I just got back from a run outside. It’s 25 degrees. I would so much rather run outside, if it’s say, over 20 degrees, than run on a treadmill. Last winter was the first winter I got serious about running outside and it was awesome-sauce, as the Greeks say. There’s just something about being outside that spurs me on, while to be honest, it’s easier for me to give up on a treadmill. And even though I’ve been running 3-7 days a week for about twenty years (which you can read about in Pt. 1 of this series), I still give up sometimes. Especially on treadmills. There’s two things I don’t like about treadmills. The first is associated with one of the greatest fears every runner has: forgive me for being graphic, the treadmill makes my bowels seem looser and the possibility losing control of them more looming than running outside. I can’t really explain why this is the case, but it does make me feel like that. I speculate that it’s something about the way the belt gives in, nah, ok, I really don’t know. But anyway, that happens. I don’t like it.
The other thing about treadmills is that I don’t feel like I can adapt my pace and my stride to whatever is happening with my body in the moment on a treadmill. That work of adapting my body and paying attention to my body to make microadjustments as I run became important to me after reading two books, Chris McDougall’s Born to Run and Matt Fitzgerald’s Brain Training for Runners. While McDougall’s book gives the larger anthropological and evolutionary account of why that’s important, Fitzgerald’s gives the specific advice about how to do it well. Read more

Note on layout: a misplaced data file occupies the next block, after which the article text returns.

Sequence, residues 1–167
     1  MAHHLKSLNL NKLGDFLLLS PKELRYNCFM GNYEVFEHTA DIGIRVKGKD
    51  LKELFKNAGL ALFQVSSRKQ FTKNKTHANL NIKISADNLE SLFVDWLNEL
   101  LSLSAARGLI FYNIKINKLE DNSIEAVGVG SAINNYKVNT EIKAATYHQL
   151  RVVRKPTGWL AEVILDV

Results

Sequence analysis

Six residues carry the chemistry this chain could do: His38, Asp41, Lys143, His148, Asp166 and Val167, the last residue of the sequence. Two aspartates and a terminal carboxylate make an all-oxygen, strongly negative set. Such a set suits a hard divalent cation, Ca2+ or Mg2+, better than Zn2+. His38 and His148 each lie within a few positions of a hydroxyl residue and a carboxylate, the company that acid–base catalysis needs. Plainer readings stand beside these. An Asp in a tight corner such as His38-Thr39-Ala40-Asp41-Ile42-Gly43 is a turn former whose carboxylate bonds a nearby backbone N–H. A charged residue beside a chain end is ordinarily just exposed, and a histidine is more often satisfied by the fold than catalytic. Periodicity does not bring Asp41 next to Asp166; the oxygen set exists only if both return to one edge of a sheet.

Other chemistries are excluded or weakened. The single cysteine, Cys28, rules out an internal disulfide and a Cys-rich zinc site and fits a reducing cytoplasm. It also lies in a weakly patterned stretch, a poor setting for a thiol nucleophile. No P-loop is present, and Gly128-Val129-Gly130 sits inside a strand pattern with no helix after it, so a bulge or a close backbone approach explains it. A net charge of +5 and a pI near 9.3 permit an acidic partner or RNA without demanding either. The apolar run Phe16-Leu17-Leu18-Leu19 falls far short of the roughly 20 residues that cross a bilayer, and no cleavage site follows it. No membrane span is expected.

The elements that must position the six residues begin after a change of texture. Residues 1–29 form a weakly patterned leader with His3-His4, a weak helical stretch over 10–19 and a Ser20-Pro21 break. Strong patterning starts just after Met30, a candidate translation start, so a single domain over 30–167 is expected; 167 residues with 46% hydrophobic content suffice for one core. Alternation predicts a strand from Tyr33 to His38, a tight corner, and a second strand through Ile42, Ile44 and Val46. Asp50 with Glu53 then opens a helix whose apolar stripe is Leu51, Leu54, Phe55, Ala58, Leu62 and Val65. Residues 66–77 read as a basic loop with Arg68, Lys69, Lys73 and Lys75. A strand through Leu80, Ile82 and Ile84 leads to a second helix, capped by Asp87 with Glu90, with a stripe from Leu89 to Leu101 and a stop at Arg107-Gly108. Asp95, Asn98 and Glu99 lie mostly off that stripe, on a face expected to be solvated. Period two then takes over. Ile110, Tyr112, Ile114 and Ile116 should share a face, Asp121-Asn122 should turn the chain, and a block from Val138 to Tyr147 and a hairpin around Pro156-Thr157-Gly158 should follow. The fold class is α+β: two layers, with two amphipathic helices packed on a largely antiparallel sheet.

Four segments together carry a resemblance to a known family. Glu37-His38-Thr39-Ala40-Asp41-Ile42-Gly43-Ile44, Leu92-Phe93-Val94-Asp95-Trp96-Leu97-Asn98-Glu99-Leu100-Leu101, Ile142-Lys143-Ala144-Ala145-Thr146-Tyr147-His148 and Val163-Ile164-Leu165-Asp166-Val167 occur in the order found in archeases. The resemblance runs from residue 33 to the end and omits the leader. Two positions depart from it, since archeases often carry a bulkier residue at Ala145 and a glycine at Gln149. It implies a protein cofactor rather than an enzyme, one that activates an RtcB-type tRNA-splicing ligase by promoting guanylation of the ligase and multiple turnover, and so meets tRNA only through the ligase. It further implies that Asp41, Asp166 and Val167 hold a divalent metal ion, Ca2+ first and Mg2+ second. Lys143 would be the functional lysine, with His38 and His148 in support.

Let me just recommend first, philosophy conferences in Vancouver; second, starting your conference off with a good night’s sleep and a long run in the beauty of nature. I ran 11 miles through Stanley Park and then Vancouver this morning where I’m attending the Pacific American Philosophical Assoication (APA). As I ran, the view changed from the seawall and evergreens to mountains. It was beautiful. It was stunning. I thought of C.S.Lewis’s claim that beauty produces a need to share it with someone else. I was out there, running through Stanley Park, thinking, this is amazing, do the others not know about this? I need to capture this so they can see it. I kicked myself for not taking my phone with me.
And it was in that moment where I recognized my desire not just to share it, but to capture it that I was brought up short. I was running without any music or podcasts in my ears so I had plenty of time to think this through. It struck me as I continued to run and to think that beauty exceeds apprehension, not just, as we know from Kant, because it exceeds the boundaries of the concept, but also, because it cannot be had. It cannot be owned. It cannot become a commodity that I can have that shows something good about me on the basis of having seen it. I reached out to grasp this beauty and I could not hold on to it. I couldn’t master it. But I wanted to. Beauty is liberating because it disrupts the drive to mastery.
Image above does not do justice, give the proper due, to the beauty of my morning. Taken from the balcony of my room.
We just got back from a week in Yellowstone. We stayed in cabins in the Cinnabar Basin right outside of Gardiner, Montana along the Yellowstone River with my husband’s parents, sister and brother-in-law, their three kids, his aunt and uncle, their two kids and their families and one of his cousin’s husband’s parents. For twenty-one separate wills vying for satisfaction and recognition, it was a remarkably pleasant week. Read more